WASHINGTON -- David Axelrod, the seasoned Chicago Democratic political operative who is chief strategist for Sen. Barack Obama's presidential campaign, was taken by surprise in the last minute of CBS's "Face the Nation" on Dec. 2. Howard Wolfson, Sen. Hillary Clinton's spokesman, accused Obama of running a "slush fund." In fact, the Clinton campaign was spreading that story privately months ago.
Last summer, a senior Clinton aide told a famous Democratic personage believed favorable to Obama that the Illinois senator was using his "leadership" political-action committee to spread money around the country to grease his presidential prospects. That message was private when Clinton seemed far ahead for the Democratic nomination. It became public when Obama threatened to overtake her.
Before Wolfson spoke out, one of Clinton's close supporters was spreading the word of unspecified defects in Obama that should deter Democrats from supporting him for president. This is the Clinton style that has proved effective for two decades, but Obama has continued to close the gap. This attack mode works best when the accusations are hidden from public view.
Last summer, a few Clinton insiders -- headed by her Senate chief of staff, Tamera Luzzatto -- paid a presumably social visit to the Cape Cod, Mass., vacation home of a prestigious Democrat reported to be in Obama's corner. Luzzatto warned that Obama was ethically challenged because of his leadership PAC. My sources indicated that this was not an isolated incident, and the slush-fund story was spread widely.
In a later incident, a Democrat, not on Clinton's Senate or campaign staffs but close to her, a month ago approached a party activist who has not made a commitment with this message: Skeletons in Obama's closet would make him vulnerable if nominated. He did not elaborate and said the Clinton campaign would keep its anti-Obama information to itself, remembering mutually destructive assaults between Howard Dean and Dick Gephardt in 2004 that enabled John Kerry's nomination.The Clinton campaign denied all this, claiming a Republican plot. In truth, I have not talked to a single Republican in my reporting of attacks on Obama. In the wake of these denials, Wolfson made public his slush-fund accusation on "Face the Nation," shortly after polls showed Obama passing Clinton for Iowa's Jan. 3 caucuses:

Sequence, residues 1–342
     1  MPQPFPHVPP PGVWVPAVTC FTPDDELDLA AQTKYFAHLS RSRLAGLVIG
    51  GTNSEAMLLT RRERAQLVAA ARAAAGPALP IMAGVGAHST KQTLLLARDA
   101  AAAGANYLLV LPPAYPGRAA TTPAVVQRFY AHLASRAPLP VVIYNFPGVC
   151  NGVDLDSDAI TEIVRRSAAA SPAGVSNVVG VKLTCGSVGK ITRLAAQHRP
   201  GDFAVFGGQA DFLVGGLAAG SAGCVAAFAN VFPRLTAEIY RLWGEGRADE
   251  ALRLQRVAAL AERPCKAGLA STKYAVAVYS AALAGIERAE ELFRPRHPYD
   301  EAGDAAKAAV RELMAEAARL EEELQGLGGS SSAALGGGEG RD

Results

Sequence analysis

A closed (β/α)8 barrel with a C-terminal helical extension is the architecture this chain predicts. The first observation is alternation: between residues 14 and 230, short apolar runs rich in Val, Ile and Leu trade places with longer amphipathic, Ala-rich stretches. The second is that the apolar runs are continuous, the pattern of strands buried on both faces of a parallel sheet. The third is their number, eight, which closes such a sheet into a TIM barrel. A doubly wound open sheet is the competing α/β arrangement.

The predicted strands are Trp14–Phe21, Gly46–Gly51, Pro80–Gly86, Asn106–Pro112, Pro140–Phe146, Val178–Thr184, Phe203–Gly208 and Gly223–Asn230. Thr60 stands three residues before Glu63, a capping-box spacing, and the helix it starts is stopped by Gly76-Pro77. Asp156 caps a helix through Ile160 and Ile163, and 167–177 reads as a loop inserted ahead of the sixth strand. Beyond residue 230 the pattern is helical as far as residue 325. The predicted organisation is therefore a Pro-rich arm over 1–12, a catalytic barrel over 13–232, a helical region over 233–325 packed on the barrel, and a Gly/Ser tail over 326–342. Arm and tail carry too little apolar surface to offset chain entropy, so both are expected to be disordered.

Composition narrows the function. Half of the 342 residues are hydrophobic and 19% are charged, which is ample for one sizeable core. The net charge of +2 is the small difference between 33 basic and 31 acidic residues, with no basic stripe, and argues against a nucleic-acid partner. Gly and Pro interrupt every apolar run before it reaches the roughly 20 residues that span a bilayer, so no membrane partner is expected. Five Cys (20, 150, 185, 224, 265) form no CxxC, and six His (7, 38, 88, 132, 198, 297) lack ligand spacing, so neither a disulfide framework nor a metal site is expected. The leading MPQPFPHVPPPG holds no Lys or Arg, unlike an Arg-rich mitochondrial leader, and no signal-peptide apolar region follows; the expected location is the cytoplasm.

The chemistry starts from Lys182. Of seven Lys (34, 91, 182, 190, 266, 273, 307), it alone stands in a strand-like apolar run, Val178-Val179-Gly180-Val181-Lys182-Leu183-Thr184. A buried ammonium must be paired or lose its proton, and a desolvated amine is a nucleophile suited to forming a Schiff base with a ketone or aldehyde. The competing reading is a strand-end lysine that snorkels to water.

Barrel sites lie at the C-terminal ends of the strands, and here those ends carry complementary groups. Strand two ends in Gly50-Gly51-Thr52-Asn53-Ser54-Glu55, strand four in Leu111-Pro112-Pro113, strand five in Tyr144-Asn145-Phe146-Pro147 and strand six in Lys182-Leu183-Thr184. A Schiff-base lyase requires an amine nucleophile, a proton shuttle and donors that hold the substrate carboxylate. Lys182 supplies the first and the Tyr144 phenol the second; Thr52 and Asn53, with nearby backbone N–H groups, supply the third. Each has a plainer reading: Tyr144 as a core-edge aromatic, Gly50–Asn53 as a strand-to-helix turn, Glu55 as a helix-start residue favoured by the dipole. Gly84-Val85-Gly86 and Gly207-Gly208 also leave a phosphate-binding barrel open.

"There's a lot that voters don't know about Barack Obama," said Wolfson, "and one thing that they don't know we found this week, which is that he has been using and operating a so-called leadership PAC in apparent contravention of campaign-finance laws." Wolfson demanded that Axelrod say whether he would "shut down Sen. Obama's slush fund." With only 20 seconds left, Axelrod's answer sounded lame: "I think it is shut down, Howard. I don't know that there's any money left in it."
With more time, Axelrod might have noted that Obama's PAC contributed to Clinton's 2006 New York re-election and in the current cycle to Jeanne Shaheen's Senate campaign in New Hampshire though her husband, Bill Shaheen, heads that state's Clinton campaign. The slush fund just did not measure up to claims of dark improprieties by Obama, and the Clinton campaign did not pursue the issue after volleys were exchanged between the candidates.
The use of the phrase "slush fund" in American politics is hoary, dating back to a $5 million appropriation in 1874 administered by the federal Treasury, according to "Safire's New Political Dictionary." In 1952, contributions to a slush fund for the use of vice presidential candidate Richard M. Nixon nearly forced him off the Republican ticket. When Hillary Clinton started slipping two weeks ago, her campaign responded by unlimbering the Obama slush fund. The fact that this bomb proved pretty much a dud raises doubt about the whispers of impropriety by this untried new candidate.